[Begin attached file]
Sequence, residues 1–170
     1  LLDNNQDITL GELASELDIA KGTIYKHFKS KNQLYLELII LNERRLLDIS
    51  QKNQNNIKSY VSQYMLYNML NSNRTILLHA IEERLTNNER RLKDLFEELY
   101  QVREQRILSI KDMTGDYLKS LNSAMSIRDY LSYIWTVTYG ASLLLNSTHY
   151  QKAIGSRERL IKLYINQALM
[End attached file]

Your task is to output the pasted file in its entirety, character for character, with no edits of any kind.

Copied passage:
Sequence, residues 1–170
     1  LLDNNQDITL GELASELDIA KGTIYKHFKS KNQLYLELII LNERRLLDIS
    51  QKNQNNIKSY VSQYMLYNML NSNRTILLHA IEERLTNNER RLKDLFEELY
   101  QVREQRILSI KDMTGDYLKS LNSAMSIRDY LSYIWTVTYG ASLLLNSTHY
   151  QKAIGSRERL IKLYINQALM